TheThe Poetry
≡ Menu

Mary Karr and Christopher Robinson discuss Thomas Lux's poem "Tarantulas on the Lifebuoy."

[Symptoms of Island]

I must describe the physical sensation this poem had on me. It was a hot and humid day, and the house was full of fans whirring, and flies buzzing, and no one was home.

It occurred to me that if a poet or writer is to develop discipline, he or she must have some sense of assignment.

Sestets is what it seems to be and a lot more: a small book of small poems that resurrect what they can from the nothingness.

Dawn Marie Knopf’s poetry feeds off a particularly American mythos: old wives’ tales, Farmer’s Almanacs, the revered stories of American pop heroes before they made it big.

Add Clark Coolidge to the list of great American poets that nobody is talking about.

[Poem in the Manner of Charles Bukowski]

Mary Karr and Christopher Robinson discuss Czeslaw Milosz's poem "Late Ripeness."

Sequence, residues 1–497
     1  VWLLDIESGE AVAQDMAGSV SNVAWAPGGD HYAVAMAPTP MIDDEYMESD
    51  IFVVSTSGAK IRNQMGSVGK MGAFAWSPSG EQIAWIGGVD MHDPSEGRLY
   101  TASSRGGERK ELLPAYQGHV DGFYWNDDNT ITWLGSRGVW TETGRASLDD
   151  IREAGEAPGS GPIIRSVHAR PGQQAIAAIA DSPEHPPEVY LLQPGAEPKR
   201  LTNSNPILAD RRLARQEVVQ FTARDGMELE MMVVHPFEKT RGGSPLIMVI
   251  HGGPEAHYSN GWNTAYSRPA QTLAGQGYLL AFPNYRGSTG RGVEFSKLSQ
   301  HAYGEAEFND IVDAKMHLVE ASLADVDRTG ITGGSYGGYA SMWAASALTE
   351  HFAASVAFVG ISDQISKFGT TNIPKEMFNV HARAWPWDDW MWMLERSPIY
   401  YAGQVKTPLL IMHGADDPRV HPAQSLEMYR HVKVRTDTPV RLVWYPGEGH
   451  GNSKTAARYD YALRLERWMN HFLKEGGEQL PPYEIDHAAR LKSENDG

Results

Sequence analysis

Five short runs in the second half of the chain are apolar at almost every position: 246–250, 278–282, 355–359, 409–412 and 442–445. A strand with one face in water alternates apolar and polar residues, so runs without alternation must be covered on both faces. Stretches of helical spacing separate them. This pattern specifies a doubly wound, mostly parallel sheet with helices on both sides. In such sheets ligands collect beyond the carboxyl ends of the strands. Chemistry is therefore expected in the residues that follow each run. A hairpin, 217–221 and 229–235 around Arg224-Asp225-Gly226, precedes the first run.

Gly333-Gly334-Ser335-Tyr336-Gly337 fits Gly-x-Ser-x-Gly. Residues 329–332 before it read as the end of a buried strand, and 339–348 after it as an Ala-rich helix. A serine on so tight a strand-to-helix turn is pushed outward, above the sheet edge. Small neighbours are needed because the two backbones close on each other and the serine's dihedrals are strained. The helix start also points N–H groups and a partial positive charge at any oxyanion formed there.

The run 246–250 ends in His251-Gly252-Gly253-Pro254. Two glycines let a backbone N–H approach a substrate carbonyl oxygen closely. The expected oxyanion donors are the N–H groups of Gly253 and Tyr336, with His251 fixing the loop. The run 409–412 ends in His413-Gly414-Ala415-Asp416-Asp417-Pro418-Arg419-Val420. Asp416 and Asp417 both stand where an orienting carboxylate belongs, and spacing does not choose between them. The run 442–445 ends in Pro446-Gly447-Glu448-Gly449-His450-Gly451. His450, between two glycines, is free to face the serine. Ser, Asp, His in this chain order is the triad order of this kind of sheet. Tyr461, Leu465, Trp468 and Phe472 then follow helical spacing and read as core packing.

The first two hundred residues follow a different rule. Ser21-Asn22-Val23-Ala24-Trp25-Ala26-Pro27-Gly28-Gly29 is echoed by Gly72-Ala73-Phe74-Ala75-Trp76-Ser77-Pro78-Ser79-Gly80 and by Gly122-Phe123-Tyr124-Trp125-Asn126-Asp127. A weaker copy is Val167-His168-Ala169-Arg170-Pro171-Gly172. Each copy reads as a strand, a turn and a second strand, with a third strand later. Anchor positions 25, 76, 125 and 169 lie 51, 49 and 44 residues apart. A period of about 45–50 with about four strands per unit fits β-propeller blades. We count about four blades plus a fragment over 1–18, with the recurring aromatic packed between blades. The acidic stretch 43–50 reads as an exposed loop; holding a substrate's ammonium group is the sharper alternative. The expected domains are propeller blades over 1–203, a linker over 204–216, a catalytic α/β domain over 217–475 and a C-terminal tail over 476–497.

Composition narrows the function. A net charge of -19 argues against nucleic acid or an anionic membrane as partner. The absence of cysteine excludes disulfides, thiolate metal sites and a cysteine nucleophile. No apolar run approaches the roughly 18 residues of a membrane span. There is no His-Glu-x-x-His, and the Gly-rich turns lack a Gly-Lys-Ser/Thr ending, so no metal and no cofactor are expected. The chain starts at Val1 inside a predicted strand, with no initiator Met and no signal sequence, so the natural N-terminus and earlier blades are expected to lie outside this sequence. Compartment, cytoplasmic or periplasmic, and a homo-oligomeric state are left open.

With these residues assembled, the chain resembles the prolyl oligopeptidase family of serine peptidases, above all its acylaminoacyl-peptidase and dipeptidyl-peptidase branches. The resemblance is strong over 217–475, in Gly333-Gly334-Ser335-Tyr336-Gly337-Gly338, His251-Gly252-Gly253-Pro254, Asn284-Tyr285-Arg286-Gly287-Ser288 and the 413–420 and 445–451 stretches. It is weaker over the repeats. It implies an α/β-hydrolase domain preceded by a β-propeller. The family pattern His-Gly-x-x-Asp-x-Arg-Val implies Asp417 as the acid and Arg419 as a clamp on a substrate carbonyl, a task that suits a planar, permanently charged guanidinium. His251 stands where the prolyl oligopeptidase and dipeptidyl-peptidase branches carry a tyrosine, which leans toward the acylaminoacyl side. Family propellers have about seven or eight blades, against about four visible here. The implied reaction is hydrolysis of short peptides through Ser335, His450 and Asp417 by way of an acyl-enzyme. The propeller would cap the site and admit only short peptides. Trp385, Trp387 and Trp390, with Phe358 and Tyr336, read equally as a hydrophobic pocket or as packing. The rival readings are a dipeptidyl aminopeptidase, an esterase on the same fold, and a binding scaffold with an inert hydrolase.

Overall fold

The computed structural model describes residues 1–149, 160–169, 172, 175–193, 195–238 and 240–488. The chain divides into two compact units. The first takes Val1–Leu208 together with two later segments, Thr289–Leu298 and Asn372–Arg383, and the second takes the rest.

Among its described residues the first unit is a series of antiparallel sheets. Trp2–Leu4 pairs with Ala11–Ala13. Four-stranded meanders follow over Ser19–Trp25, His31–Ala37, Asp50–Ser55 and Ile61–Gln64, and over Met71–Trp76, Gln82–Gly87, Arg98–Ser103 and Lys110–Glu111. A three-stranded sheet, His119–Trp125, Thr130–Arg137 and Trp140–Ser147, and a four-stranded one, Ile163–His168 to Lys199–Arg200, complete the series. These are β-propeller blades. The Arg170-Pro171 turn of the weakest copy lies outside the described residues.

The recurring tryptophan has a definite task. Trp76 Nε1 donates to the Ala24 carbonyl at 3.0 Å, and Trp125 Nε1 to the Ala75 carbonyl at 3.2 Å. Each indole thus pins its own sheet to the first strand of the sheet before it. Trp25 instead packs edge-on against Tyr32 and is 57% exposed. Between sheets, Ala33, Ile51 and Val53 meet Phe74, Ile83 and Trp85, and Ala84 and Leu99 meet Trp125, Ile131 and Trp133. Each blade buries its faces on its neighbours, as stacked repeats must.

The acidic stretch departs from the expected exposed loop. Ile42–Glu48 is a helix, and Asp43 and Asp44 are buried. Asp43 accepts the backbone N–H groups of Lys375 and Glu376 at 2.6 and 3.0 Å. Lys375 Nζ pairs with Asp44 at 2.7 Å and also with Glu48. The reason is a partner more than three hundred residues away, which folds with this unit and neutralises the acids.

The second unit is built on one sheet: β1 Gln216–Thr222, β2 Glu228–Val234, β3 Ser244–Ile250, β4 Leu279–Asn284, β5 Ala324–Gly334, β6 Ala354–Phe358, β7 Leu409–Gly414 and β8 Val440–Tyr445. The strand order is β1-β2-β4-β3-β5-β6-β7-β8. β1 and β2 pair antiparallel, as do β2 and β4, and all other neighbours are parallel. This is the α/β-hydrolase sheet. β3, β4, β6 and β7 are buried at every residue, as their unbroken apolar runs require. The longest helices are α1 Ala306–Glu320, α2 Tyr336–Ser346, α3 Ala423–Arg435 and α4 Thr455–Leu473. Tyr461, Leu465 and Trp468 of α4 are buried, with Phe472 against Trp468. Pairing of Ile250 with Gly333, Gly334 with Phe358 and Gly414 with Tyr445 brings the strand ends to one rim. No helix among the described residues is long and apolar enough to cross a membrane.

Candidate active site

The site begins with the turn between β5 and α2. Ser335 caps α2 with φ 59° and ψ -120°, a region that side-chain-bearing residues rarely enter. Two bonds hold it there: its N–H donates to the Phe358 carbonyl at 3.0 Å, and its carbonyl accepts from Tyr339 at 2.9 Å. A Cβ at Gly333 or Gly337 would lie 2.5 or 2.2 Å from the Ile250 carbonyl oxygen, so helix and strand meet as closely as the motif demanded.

In books rowed up on the shelf you see, for the first time, your own death.

If Martha Stewart had a child who went rogue, moved to New York City, and started writing poetry and making books, that child may have turned out to produce something as crafty-bohemian as Small Anchor Press does.

All answers, of course, are functions of the question, so...take this list with a grain of salt.

[Do you get any reception here?]

When gaining a foothold among the establishment, it is important the so called "outsiders" or mavericks have a figure fully anchored within the establishment who can be "acceptable."

A poet CAN be taught to twist his pain into clever metaphor and image, but at the same time, must have healthy relationship to his sanity.

Why do we make lists?